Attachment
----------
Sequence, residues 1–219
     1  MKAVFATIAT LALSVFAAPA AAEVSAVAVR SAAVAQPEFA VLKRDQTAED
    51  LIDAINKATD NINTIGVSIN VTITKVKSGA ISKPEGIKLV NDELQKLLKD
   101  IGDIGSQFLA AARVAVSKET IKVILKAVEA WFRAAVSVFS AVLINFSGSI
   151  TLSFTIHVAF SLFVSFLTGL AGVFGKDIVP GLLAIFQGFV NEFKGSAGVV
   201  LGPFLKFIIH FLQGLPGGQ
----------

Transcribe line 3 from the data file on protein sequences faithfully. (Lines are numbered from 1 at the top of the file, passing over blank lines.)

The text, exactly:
    51  LIDAINKATD NINTIGVSIN VTITKVKSGA ISKPEGIKLV NDELQKLLKD